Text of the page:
3. With the loss of Noah Vonleh to the NBA, it is no secret that Indiana has some major question marks on its interior this year. One player hoping to provide an answer, however, is Devin Davis. He is one of the few interior players the Hoosiers have returning with experience. The best thing going for Davis may just be that he isn’t a dominant offensive force but he is a strong rebounder. With this year’s team likely looking to rely on its perimeter play to propel the offense, a solid defender underneath who can also attack the boards fits very well. While Davis will likely sit behind Hanner Mosquera-Perea in Tom Crean’s rotation, his style could be beneficial and result in a significant number of minutes throughout the season.
  4. There are high hopes in Wisconsin this season, so to get ready for the year, why not start debating the past? What would you rate as the Badgers’ top play of the past 10 years? While this list goes with Bo Ryan making his first Final Four, personally the Ben Brust half-courter against Michigan would top my list. The real question for Wisconsin fans is whether this list will include more big plays from the upcoming season, and at what stakes? Certainly there could be a few leading to Big Ten and national accolades.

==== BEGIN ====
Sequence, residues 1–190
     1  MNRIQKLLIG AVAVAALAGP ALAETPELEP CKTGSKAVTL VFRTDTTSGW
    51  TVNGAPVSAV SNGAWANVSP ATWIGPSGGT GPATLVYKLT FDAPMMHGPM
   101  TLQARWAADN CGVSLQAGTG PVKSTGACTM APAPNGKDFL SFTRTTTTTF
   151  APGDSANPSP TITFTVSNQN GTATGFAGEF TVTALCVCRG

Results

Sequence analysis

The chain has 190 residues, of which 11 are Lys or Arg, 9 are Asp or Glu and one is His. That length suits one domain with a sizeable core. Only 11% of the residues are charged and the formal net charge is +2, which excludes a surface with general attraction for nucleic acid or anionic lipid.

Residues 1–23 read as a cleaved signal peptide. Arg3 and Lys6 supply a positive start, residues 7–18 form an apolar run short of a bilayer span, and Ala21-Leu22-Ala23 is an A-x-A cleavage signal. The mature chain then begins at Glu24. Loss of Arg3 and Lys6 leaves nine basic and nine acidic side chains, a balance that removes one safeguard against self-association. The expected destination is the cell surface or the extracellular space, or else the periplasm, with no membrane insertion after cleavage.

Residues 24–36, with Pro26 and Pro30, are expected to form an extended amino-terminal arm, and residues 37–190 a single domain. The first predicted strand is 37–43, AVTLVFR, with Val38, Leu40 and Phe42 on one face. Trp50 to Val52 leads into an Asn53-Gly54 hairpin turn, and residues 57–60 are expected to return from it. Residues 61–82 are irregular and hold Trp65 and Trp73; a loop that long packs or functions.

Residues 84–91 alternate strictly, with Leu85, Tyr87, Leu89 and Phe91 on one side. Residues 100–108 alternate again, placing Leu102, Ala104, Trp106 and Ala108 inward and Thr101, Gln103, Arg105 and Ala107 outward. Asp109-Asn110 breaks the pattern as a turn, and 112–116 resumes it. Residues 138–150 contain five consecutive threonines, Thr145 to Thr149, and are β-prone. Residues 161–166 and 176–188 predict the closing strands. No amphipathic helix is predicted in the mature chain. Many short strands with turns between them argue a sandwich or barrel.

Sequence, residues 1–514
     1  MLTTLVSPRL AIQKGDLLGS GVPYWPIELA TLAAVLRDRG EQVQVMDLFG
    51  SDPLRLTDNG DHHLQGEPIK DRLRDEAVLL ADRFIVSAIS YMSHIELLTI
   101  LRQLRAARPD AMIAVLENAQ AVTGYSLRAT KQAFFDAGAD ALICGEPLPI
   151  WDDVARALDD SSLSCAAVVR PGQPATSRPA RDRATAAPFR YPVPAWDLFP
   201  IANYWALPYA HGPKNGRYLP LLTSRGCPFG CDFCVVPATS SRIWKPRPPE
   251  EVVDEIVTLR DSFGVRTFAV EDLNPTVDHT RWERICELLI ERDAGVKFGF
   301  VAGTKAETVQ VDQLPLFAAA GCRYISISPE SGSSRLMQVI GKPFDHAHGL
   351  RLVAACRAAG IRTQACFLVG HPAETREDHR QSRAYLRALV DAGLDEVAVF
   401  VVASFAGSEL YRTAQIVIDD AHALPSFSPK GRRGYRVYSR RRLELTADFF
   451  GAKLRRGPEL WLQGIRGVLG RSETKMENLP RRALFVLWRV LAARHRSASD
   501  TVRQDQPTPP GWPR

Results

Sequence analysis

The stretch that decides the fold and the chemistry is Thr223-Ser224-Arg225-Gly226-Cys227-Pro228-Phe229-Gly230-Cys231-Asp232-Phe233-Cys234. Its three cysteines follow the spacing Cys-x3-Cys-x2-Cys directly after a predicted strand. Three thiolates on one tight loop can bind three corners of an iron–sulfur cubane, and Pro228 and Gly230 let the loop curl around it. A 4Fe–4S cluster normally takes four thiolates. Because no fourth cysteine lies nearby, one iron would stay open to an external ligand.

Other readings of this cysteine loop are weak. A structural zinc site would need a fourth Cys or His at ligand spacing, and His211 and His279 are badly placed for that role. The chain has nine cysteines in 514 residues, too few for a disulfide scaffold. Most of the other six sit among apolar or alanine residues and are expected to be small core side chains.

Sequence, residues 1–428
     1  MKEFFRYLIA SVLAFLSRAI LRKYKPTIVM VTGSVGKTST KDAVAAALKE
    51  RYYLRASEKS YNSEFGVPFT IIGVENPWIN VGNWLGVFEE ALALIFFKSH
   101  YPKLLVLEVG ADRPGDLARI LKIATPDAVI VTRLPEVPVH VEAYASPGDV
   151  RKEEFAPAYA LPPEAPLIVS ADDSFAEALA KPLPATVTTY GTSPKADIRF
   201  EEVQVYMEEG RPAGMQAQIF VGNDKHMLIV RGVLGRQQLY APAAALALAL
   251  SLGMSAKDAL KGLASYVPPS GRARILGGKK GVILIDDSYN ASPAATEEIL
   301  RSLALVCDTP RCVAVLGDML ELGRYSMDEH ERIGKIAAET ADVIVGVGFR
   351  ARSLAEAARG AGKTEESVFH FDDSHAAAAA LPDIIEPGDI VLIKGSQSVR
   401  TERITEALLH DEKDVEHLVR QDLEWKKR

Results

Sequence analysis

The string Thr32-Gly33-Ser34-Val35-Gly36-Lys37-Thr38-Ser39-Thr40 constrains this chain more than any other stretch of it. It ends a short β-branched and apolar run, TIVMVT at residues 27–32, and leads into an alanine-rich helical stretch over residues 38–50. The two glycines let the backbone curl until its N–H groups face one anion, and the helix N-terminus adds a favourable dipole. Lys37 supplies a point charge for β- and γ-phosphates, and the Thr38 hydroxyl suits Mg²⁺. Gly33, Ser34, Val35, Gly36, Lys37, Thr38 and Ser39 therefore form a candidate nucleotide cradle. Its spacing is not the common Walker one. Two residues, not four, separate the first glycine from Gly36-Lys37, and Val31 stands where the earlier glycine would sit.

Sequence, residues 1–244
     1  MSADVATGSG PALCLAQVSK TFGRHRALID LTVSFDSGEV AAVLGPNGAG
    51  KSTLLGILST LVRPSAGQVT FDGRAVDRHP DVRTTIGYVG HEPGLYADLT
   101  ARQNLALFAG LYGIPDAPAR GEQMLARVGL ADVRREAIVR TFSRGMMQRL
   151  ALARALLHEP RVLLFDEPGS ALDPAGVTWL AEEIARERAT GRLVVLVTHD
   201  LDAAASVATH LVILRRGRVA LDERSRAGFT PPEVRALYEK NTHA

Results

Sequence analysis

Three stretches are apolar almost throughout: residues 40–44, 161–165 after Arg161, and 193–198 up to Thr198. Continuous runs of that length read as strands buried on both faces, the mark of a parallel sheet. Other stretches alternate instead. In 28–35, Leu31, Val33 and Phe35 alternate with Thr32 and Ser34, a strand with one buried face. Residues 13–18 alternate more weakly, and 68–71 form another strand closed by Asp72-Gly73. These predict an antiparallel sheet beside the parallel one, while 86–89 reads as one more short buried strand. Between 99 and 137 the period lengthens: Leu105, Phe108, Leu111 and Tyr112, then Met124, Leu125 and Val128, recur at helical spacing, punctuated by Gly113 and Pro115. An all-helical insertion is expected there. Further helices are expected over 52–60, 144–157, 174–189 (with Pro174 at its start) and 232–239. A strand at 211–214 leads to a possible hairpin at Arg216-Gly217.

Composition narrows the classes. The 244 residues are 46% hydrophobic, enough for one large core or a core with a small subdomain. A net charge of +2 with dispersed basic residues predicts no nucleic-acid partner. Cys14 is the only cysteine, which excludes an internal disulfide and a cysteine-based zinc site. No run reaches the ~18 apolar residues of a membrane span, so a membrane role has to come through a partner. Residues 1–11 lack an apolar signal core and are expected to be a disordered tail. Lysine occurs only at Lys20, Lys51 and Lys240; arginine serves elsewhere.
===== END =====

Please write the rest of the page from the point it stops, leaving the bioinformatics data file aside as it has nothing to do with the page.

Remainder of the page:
5. Ever wondered what was in Lebron James’ locker? How about what is in his locker at Ohio State? Yes, Lebron James has a locker inside Ohio State’s locker room, right next to Amir Williams. He doesn’t use it, given that he’s a 29-year old professional and all, but the Buckeyes display Nike gear with his name on it to help appeal to recruits when they come to visit Columbus. Not a bad ploy to use despite King James never playing at Ohio State, or college anywhere, for that matter.